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The world’s largest diamond miner, De Beers, is finally selling human-made diamonds. After 130 years of mining the precious jewels from the ground, the diamond company has entered the world of lab-created gems, recanting their previous vow to never go synthetic.

Marketing themselves as Lightbox, De Beers chief executive Bruce Cleaver said in a statement, “Lightbox will transform the lab-grown diamond sector by offering consumers a lab-grown product they have told us they want but aren’t getting: affordable fashion jewellery that may not be forever, but is perfect for right now. We see an opportunity that’s been missed.”

Lab diamonds, created in high-pressure, high-temperature chambers that mimic conditions in the earth’s crust, have the same physical and chemical features as mined stones. In fact, you’d be hard pressed to tell the difference between the two without a machine. And unlike mined diamonds, which can have a slew of concerns when they are mined irresponsibly (land erosion, loss of biodiversity, human trafficking, child labour and slavery), these diamonds don’t risk that dreaded ‘blood’ prefix.

But if you think this Lightbox was spawned from De Beers’ concern with the environment or ethics, you’d be wrong. David Prager, De Beers executive vice president, says Lightbox’s advertising will not contain De Beers name, nor will the brand be marketed as eco-friendly or conflict-free.“We don’t agree with that positioning,” he said.

According to JCK magazine, the brand will not be competing against De Beers’ mined diamonds either. “It fits a different space, a different consumer need,” said De Beers veteran and jewellery marketing expert Sally Morrison. “We believe that this brand is different. That’s not unfavorable. It is just something else.”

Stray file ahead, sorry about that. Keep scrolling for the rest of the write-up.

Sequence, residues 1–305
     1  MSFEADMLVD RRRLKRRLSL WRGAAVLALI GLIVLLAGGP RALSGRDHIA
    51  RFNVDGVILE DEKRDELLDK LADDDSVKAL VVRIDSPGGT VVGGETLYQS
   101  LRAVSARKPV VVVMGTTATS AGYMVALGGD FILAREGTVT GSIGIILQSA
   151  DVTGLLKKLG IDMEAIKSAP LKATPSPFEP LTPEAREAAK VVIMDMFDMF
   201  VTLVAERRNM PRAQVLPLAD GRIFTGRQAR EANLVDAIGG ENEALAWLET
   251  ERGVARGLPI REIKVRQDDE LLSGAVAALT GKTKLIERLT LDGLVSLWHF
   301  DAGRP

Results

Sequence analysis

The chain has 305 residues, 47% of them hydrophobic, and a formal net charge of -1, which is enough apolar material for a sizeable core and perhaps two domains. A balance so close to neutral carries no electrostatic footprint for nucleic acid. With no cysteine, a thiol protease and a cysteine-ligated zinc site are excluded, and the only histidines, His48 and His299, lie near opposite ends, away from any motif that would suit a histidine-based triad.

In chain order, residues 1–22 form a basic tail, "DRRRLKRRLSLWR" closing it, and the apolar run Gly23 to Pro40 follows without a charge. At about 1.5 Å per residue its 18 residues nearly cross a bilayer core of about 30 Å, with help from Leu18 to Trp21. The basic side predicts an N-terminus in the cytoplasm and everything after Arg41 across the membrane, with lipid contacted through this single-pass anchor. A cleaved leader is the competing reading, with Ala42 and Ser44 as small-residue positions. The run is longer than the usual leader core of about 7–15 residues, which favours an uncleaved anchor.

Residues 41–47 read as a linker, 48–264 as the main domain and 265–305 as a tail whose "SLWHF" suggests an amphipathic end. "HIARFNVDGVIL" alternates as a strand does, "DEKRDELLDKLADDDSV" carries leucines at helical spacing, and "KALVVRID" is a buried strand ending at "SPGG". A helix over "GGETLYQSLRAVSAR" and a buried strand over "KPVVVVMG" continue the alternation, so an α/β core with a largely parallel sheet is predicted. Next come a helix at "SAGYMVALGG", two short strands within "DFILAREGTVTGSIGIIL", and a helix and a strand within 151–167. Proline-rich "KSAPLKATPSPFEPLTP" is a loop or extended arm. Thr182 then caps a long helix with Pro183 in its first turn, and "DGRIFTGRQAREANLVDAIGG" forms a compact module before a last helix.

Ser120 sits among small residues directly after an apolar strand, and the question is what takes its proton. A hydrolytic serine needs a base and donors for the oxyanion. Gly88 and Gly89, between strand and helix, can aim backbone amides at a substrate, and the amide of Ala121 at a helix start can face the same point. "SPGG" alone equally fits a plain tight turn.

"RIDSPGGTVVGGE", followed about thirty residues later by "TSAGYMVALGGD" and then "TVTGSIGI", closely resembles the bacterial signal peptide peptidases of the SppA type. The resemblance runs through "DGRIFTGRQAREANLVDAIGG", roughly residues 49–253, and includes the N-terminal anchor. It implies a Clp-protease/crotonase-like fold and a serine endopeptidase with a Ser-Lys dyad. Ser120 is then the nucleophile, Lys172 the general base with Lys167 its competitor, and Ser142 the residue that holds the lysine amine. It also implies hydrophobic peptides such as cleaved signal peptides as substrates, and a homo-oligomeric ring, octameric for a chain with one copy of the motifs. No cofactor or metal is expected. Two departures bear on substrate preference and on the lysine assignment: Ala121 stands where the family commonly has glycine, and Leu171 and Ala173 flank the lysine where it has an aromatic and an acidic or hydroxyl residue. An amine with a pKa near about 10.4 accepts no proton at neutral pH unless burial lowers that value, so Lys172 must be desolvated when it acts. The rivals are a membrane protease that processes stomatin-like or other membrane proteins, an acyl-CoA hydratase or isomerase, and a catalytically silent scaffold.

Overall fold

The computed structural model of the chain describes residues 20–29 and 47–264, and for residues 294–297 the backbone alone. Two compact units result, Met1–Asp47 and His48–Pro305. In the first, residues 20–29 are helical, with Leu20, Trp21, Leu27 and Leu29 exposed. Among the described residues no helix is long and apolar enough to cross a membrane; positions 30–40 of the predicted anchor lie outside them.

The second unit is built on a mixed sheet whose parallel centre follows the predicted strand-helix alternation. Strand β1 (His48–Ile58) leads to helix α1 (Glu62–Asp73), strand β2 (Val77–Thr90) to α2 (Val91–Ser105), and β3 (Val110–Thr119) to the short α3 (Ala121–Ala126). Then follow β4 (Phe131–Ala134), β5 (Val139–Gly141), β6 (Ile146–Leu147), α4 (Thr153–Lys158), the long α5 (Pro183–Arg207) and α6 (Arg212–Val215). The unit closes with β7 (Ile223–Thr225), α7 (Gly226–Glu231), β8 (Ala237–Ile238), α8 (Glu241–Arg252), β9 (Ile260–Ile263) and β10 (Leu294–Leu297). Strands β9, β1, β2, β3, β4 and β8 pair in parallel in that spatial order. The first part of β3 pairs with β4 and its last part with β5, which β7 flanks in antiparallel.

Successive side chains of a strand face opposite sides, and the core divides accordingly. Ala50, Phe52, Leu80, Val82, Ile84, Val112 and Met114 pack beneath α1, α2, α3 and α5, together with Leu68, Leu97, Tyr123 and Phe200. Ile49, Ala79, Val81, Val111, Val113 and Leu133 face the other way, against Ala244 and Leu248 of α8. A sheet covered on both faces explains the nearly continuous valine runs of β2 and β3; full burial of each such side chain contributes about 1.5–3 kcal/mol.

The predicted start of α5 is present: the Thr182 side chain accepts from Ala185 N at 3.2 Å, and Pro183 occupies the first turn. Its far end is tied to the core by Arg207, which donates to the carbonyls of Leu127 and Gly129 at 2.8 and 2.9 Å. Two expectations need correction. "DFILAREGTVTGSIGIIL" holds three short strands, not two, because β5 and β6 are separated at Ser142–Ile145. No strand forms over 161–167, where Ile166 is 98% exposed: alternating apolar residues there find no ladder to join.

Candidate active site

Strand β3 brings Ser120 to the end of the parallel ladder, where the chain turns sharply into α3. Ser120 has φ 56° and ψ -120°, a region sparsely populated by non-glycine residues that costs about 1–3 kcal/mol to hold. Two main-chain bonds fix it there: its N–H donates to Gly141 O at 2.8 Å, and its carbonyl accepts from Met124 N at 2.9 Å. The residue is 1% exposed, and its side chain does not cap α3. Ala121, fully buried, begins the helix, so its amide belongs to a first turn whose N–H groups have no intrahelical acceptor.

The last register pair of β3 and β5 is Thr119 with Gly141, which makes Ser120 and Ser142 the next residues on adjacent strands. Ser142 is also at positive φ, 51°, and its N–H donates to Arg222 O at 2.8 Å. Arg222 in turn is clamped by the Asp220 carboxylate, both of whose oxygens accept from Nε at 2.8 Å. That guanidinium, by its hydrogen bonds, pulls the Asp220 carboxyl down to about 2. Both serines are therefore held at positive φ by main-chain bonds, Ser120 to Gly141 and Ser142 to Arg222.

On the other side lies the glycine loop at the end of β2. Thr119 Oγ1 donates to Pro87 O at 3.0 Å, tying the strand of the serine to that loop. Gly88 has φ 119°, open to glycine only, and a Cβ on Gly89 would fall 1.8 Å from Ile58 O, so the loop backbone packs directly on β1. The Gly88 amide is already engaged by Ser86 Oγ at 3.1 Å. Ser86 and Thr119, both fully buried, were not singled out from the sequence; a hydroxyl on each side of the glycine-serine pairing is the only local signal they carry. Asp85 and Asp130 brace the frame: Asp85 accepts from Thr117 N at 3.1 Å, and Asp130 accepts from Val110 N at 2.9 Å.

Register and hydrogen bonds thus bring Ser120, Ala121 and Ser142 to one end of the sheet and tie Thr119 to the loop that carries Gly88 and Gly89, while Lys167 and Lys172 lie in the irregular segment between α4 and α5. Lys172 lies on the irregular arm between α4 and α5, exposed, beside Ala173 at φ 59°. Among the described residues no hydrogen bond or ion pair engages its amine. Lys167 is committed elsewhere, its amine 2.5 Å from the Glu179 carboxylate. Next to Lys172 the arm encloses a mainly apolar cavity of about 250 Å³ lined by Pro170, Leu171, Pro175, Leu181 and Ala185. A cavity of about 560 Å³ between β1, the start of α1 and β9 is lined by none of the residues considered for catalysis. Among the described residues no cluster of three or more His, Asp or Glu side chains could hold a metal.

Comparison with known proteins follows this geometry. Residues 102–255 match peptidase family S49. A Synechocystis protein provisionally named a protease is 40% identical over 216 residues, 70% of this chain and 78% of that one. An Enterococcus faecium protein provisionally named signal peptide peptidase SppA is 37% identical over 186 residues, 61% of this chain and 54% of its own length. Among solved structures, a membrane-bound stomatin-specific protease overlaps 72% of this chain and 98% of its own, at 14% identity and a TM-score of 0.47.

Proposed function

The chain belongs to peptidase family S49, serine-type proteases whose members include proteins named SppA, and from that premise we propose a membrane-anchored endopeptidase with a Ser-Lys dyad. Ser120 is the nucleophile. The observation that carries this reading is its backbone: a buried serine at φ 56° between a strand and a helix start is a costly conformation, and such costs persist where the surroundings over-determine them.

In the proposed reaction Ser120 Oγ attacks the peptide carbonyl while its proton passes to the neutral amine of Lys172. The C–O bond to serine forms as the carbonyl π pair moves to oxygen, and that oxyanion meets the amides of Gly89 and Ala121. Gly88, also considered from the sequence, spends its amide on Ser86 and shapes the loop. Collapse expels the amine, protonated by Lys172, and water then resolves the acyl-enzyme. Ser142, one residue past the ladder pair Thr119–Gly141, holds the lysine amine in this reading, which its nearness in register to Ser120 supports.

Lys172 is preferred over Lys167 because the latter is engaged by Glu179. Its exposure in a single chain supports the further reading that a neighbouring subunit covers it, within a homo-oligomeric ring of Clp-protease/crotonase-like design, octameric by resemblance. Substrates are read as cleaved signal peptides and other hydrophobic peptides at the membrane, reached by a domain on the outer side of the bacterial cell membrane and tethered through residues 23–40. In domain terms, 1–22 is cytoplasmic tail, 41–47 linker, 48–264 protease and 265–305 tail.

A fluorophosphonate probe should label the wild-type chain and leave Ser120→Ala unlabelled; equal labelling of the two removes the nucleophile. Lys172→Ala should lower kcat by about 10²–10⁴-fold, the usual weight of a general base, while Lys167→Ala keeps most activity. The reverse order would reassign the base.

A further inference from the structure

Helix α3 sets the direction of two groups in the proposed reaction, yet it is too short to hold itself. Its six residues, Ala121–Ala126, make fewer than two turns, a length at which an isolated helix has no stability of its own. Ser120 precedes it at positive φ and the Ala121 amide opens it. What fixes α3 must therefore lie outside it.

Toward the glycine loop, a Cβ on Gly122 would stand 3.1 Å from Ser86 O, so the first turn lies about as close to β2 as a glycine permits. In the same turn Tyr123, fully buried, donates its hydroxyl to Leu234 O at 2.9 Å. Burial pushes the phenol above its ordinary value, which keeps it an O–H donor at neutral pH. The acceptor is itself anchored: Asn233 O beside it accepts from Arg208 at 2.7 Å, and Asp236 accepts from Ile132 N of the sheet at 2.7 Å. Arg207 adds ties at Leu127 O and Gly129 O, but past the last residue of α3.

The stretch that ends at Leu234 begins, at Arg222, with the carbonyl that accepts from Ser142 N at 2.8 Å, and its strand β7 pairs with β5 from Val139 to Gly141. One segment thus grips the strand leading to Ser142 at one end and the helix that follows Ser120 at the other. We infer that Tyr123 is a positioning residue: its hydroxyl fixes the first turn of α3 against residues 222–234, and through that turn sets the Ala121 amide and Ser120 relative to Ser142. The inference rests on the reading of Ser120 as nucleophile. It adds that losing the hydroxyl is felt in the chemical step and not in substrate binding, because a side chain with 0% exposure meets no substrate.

The big draw to Lightbox? Cost. At $200 for a quarter-carat, $400 for a half and $800 for a carat, they’re definitely priced more competitively than other diamonds, mined or lab. A one-carat mined diamond can go for $8,000, whereas lab-created diamonds at other jewellers fetch about half of that at $4,000. With Lightbox one-carat diamonds coming in at only twenty per cent of that — that’s a pretty big price drop.

But De Beers is not the first established diamond company to go the lab route. Canadian jewellers Spence Diamonds also features its own Artisan Created Diamond Collection. Unlike De Beers, however, Spence does position itself as environmentally conscious, with the collection being touted as “ethically responsible and environmentally sustainable.”

To us, Lightbox simply seems like a smart business move — one that targets the less affluent, yet luxury-hungry Insta-generation (just imagine the influencers getting behind this one). But if more lab-created diamonds means less ecological imprint and more truly conflict-free diamonds, then we’re for it.